As NBCUniversal prepares to unveil many new details about Peacock at today’s investors day in New York, the company has set its ad strategy for the upcoming streaming service, lining up several brand sponsors for its April launch.
State Farm, Target and Unilever are among the Peacock brand sponsors and will be involved in the service’s marketing campaign, which the company said has a budget of “hundreds of millions of dollars.” Additional launch sponsors will be announced in the coming weeks. UPDATE: At the investor day, Linda Yaccarino, chairman of advertising and partnerships at NBCUniversal, said Apartments.com and Eli Lilly and Company were additional Peacock brand sponsors.
NBCUniversal has also set several new ad formats for the streaming service, which it said will have the industry’s “lightest” ad loads at no more than 5 minutes per hour.
“With Peacock, we’re giving consumers the free service they want and advertisers the reach and scale they desperately need—this is the best thing to happen to everyone’s screens in a long time,” said Yaccarino in a statement.
The Peacock launch sponsors will be part of the Peacock Streaming Council, dedicated to building and testing what resonates most with audiences. Those brands will promote Peacock on their own sites and platforms; in turn, they will be featured in Peacock’s marketing campaign and NBCU’s biggest ever cross-platform Symphony offering, the Summer Olympics in Tokyo.
State Farm marketing assistant vice president Patty Morris said in a statement that the brand is excited to team with Peacock “to help define what the modern streaming ad experience should look like. It goes beyond simply filling traditional ad space. We are striving to connect with consumers in new and interactive ways.”
NBCUniversal’s Peacock ad formats include a pair of offerings that have been utilized on its linear networks: ShoppableTV (shoppable ads) and prime pods (its 60-second pod of audience-targeting advertising).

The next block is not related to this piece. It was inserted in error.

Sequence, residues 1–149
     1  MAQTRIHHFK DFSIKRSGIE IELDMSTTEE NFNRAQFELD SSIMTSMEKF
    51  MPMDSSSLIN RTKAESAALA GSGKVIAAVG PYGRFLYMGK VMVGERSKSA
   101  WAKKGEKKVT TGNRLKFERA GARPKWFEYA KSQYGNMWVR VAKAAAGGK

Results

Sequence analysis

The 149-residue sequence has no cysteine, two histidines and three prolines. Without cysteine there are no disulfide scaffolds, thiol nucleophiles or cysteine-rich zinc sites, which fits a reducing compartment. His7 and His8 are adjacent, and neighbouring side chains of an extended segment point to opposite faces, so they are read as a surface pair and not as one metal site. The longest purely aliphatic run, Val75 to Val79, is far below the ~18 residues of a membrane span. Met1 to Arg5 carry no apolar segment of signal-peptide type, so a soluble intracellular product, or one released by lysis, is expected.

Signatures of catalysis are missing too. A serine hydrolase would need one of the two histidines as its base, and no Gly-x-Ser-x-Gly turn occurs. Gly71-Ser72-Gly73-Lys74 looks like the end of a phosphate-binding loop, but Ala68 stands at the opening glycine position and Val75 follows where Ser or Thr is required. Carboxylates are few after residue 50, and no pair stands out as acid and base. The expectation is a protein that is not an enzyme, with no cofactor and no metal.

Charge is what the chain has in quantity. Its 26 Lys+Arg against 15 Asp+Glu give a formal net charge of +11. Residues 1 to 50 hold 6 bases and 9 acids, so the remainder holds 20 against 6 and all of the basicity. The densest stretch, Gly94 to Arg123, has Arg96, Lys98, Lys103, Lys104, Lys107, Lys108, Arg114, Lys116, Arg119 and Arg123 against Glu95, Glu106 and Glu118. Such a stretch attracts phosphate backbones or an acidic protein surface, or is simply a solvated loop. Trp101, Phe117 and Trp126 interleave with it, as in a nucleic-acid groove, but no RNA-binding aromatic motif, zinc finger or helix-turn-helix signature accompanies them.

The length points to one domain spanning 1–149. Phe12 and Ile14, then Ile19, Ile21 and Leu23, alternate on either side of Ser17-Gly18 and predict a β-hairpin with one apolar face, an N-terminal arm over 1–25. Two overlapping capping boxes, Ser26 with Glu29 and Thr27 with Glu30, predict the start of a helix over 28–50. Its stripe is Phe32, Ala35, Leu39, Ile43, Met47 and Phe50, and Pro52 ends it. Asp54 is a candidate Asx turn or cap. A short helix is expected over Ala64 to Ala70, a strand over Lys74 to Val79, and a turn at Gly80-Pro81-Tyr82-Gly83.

Two other Peacock formats echo offerings on streaming rival Hulu: pause ads (which feature messaging when a viewer pauses content) and binge ads (after a viewer watches three episodes of a show, a sponsor will bring the fourth episode ad-free).
Among the other featured Peacock ad formats:
Engagement ads include interactive experiences like trivia questions, product galleries and extended-look videos. Trending ads will run alongside topical content for that day.
Solo ads allow a brand to exclusively sponsor a show, and limit advertising to a single spot within a given episode. Curator ads will place ads in NBCU titles based on specific moods, genres or other themes, for more contextually relevant spots.
Explore ads, will also be activated when a user pauses content. In this instance, the screen will display “contextually relevant” content and will give viewers the opportunity to receive things like brand experiences or discounts sent to their phones.
Finally, On Command ads will use Xfinity’s voice technology to allow audiences to verbally interact with a brand, following on-screen prompts to speak into their remotes and receive exclusive offers.
“Peacock will provide a better experience for consumers, drive more impact for brands, and provide insights that we can scale across the entire NBCUniversal portfolio and platform,” said Krishan Bhatia, evp of business operations and strategy for NBCU, in a statement.
NBCUniversal unveiled plans last week to unite its linear and digital ad inventory—including Peacock—with its new One Platform offering, which will be available in time for this year’s upfront.
Last May, Yaccarino touted the ad-supported streaming service, which hadn’t yet been named Peacock, at NBCUniversal’s upfront presentation: “While other companies are pushing advertisers out, we’re bringing you in with inventory that’s fully addressable, data that’s fully transparent and an experience that consumers can enjoy and trust, all along with a slate of new originals and a gigantic library of old favorites.”